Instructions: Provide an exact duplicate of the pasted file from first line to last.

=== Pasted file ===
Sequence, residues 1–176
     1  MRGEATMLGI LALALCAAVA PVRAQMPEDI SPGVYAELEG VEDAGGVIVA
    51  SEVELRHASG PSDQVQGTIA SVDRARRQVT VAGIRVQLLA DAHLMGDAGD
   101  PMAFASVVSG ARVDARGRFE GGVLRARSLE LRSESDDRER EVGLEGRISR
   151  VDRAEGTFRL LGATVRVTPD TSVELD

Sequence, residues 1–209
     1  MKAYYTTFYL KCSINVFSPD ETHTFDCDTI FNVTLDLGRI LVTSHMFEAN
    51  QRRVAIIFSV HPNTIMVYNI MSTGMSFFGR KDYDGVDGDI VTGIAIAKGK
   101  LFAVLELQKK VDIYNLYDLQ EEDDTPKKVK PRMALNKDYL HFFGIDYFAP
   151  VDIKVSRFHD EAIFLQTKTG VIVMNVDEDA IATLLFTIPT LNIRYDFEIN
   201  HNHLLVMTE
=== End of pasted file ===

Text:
Sequence, residues 1–176
     1  MRGEATMLGI LALALCAAVA PVRAQMPEDI SPGVYAELEG VEDAGGVIVA
    51  SEVELRHASG PSDQVQGTIA SVDRARRQVT VAGIRVQLLA DAHLMGDAGD
   101  PMAFASVVSG ARVDARGRFE GGVLRARSLE LRSESDDRER EVGLEGRISR
   151  VDRAEGTFRL LGATVRVTPD TSVELD

Sequence, residues 1–209
     1  MKAYYTTFYL KCSINVFSPD ETHTFDCDTI FNVTLDLGRI LVTSHMFEAN
    51  QRRVAIIFSV HPNTIMVYNI MSTGMSFFGR KDYDGVDGDI VTGIAIAKGK
   101  LFAVLELQKK VDIYNLYDLQ EEDDTPKKVK PRMALNKDYL HFFGIDYFAP
   151  VDIKVSRFHD EAIFLQTKTG VIVMNVDEDA IATLLFTIPT LNIRYDFEIN
   201  HNHLLVMTE